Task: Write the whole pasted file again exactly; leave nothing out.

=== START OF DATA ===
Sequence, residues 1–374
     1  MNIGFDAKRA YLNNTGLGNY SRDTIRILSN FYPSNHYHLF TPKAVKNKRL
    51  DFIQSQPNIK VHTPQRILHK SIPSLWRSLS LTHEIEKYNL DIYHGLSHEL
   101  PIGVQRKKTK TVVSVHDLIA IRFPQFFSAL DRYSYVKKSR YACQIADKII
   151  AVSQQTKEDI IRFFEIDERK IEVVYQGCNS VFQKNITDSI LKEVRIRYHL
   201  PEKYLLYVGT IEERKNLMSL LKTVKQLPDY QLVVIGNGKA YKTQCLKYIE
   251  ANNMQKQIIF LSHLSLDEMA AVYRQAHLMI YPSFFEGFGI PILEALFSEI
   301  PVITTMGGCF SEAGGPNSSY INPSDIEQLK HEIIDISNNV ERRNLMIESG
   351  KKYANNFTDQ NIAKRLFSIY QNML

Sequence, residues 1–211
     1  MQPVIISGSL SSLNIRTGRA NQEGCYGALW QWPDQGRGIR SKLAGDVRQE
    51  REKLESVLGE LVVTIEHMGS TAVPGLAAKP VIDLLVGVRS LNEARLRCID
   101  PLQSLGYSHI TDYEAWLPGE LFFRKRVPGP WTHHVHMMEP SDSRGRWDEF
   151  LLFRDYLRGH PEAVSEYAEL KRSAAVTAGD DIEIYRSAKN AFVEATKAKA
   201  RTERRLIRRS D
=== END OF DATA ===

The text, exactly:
Sequence, residues 1–374
     1  MNIGFDAKRA YLNNTGLGNY SRDTIRILSN FYPSNHYHLF TPKAVKNKRL
    51  DFIQSQPNIK VHTPQRILHK SIPSLWRSLS LTHEIEKYNL DIYHGLSHEL
   101  PIGVQRKKTK TVVSVHDLIA IRFPQFFSAL DRYSYVKKSR YACQIADKII
   151  AVSQQTKEDI IRFFEIDERK IEVVYQGCNS VFQKNITDSI LKEVRIRYHL
   201  PEKYLLYVGT IEERKNLMSL LKTVKQLPDY QLVVIGNGKA YKTQCLKYIE
   251  ANNMQKQIIF LSHLSLDEMA AVYRQAHLMI YPSFFEGFGI PILEALFSEI
   301  PVITTMGGCF SEAGGPNSSY INPSDIEQLK HEIIDISNNV ERRNLMIESG
   351  KKYANNFTDQ NIAKRLFSIY QNML

Sequence, residues 1–211
     1  MQPVIISGSL SSLNIRTGRA NQEGCYGALW QWPDQGRGIR SKLAGDVRQE
    51  REKLESVLGE LVVTIEHMGS TAVPGLAAKP VIDLLVGVRS LNEARLRCID
   101  PLQSLGYSHI TDYEAWLPGE LFFRKRVPGP WTHHVHMMEP SDSRGRWDEF
   151  LLFRDYLRGH PEAVSEYAEL KRSAAVTAGD DIEIYRSAKN AFVEATKAKA
   201  RTERRLIRRS D